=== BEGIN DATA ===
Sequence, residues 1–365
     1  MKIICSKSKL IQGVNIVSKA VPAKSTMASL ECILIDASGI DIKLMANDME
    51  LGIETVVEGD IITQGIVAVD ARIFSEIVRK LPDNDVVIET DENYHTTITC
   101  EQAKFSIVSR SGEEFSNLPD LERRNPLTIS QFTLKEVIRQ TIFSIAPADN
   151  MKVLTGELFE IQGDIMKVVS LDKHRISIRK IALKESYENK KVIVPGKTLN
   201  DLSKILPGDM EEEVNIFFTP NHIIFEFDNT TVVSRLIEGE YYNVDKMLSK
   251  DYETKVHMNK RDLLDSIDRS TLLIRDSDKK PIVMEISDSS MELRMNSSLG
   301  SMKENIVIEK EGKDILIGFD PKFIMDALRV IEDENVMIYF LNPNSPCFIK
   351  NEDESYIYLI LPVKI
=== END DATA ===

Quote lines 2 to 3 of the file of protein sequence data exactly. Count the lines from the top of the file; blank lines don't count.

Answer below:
     1  MKIICSKSKL IQGVNIVSKA VPAKSTMASL ECILIDASGI DIKLMANDME
    51  LGIETVVEGD IITQGIVAVD ARIFSEIVRK LPDNDVVIET DENYHTTITC